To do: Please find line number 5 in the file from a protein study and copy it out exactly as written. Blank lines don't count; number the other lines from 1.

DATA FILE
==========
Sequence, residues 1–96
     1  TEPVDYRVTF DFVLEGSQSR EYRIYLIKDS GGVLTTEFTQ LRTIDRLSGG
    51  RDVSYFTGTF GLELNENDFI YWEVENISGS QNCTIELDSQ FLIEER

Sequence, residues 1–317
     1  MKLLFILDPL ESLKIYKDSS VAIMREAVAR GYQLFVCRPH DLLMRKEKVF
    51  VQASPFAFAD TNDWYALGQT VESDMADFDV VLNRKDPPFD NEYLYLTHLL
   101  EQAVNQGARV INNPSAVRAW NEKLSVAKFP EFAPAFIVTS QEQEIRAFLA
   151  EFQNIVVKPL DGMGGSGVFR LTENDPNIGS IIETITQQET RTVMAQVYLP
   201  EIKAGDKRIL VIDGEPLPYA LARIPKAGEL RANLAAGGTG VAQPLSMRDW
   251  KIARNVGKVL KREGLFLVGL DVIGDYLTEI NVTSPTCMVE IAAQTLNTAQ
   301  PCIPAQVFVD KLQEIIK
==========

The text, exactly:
     1  MKLLFILDPL ESLKIYKDSS VAIMREAVAR GYQLFVCRPH DLLMRKEKVF